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Article
Machine Losses from Conventional versus Narrow Row Corn Harvest
Applied Engineering in Agriculture
  • H. Mark Hanna, Iowa State University
  • Kris Kohl, Iowa State University
  • David A. Haden, Iowa State University
Document Type
Article
Publication Version
Published Version
Publication Date
1-1-2002
DOI
10.13031/2013.8744
Abstract
Growers of 38–cm (15–in.) narrow row corn typically use either a wider row cornhead or locally modify an existing head to this row spacing. A three–year field experiment compared visible machine losses of a 76–cm (30–in.) cornhead used on 76–cm (30–in.) and 38–cm (15–in.) rows and a single gathering chain 38–cm (15–in.) cornhead used on 38–cm (15–in.) rows. Total machine losses were divided into head and threshing/separating losses. On matched row spacing, machine losses were generally similar between the 76– and 38–cm (30– and 15–in.) cornhead. However, one–year losses from the 76–cm (30–in.) cornhead were statistically lower. Machine ear drop losses were excessive [0.9 to 1.3 Mg/ha (15 to 20 bu/acre) in two of three years] and unacceptable when a 76–cm (30–in.) cornhead was used even at low 3.2–km/h (2–mph) travel speeds to harvest corn in 38–cm (15–in.) rows. At low feed rates, over 90% of machine losses occurred at the cornhead rather than in the threshing, separating, and cleaning areas. Header losses occurred due to ear drop from late season harvest and negligible losses inside the machine when operated at 4.8 km/h (3 mph). Although shelling of kernels on the stalk rolls was about 1% of harvested yield or less, ear drop loss from the cornhead was greater than this amount in two of three years.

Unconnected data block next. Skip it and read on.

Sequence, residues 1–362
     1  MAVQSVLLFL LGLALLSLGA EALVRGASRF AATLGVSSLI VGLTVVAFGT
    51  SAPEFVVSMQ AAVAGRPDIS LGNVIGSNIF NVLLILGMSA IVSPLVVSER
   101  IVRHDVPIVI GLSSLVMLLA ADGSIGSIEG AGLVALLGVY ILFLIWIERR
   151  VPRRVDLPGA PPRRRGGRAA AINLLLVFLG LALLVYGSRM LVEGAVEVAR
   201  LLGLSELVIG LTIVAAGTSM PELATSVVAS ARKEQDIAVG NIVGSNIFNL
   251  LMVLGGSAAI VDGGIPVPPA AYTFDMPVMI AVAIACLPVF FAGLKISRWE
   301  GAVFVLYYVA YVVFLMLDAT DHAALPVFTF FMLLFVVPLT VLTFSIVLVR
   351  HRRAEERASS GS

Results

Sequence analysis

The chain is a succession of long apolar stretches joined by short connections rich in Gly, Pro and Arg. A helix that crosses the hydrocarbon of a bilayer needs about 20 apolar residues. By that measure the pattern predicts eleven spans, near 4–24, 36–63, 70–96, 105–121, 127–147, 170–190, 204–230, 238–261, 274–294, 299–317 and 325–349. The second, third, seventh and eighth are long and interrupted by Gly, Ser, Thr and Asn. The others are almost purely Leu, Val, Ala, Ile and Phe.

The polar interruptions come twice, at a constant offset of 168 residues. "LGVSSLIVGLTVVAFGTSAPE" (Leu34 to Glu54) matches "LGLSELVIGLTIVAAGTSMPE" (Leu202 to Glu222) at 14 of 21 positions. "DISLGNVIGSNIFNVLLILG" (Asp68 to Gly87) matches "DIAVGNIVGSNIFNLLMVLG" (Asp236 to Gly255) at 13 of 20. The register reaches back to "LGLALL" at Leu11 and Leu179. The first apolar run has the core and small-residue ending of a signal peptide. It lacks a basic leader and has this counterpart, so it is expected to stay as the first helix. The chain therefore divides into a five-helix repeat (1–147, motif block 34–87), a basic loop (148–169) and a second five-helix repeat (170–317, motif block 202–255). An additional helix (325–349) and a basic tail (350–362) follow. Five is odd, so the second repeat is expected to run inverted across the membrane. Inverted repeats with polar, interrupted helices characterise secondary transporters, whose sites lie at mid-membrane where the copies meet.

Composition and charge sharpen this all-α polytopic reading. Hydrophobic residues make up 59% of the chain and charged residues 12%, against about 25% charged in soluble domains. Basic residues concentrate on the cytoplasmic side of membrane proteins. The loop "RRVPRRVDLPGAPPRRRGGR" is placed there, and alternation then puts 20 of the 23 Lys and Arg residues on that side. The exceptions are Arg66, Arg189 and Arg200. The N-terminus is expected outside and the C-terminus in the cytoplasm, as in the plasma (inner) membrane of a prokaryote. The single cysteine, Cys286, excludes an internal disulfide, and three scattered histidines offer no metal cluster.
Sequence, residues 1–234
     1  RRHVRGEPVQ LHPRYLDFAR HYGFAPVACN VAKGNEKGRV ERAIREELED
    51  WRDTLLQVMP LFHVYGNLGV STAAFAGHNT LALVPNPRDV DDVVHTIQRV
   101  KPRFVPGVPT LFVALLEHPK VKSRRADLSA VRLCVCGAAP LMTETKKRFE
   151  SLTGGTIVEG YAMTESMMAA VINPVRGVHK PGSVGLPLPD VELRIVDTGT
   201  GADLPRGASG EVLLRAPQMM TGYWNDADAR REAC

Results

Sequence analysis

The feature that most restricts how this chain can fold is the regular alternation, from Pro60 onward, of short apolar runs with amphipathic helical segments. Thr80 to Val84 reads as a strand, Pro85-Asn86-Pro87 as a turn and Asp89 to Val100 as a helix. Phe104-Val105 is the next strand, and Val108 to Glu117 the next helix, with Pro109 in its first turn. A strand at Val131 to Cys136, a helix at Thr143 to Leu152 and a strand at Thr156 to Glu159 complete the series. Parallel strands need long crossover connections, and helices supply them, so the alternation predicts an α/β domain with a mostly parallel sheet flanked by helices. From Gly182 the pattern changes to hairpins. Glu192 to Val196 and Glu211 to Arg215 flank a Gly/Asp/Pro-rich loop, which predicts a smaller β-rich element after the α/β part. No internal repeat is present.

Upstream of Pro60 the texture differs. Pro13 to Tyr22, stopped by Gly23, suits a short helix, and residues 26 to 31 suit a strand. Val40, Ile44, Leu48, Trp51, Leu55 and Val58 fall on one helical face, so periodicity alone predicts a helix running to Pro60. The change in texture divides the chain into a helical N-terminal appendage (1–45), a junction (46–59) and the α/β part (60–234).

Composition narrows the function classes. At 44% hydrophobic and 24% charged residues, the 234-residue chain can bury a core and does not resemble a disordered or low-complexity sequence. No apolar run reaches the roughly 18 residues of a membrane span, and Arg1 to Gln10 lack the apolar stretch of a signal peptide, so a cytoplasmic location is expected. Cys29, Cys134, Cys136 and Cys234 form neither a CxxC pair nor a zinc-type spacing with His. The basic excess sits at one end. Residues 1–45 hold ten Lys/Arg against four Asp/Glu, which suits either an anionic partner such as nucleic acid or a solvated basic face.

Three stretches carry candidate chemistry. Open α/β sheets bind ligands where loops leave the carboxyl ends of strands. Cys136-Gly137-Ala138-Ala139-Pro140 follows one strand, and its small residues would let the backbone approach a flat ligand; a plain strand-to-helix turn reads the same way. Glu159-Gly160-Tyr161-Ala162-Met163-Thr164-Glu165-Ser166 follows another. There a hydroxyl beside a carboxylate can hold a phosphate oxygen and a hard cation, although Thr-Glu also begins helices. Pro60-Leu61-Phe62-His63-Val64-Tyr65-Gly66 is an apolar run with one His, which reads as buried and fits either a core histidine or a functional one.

Comments

This article is from Applied Engineering in Agriculture 18 (2002): 405–409, doi:10.13031/2013.8744. Posted with permission.

Access
Open
Copyright Owner
American Society of Agricultural and Biological Engineers
Language
en
File Format
application/pdf
Citation Information
H. Mark Hanna, Kris Kohl and David A. Haden. "Machine Losses from Conventional versus Narrow Row Corn Harvest" Applied Engineering in Agriculture Vol. 18 Iss. 4 (2002) p. 405 - 409
Available at: http://works.bepress.com/mark_hanna/76/